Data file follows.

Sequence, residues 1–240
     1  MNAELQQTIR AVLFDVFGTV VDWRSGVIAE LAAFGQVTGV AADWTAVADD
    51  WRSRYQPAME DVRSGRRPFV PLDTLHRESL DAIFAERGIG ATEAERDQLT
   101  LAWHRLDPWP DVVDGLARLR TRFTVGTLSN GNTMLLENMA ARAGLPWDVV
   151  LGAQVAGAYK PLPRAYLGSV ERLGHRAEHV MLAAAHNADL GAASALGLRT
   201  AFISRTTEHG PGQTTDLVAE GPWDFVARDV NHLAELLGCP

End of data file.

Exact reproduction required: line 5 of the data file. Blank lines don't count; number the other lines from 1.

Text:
   151  LGAQVAGAYK PLPRAYLGSV ERLGHRAEHV MLAAAHNADL GAASALGLRT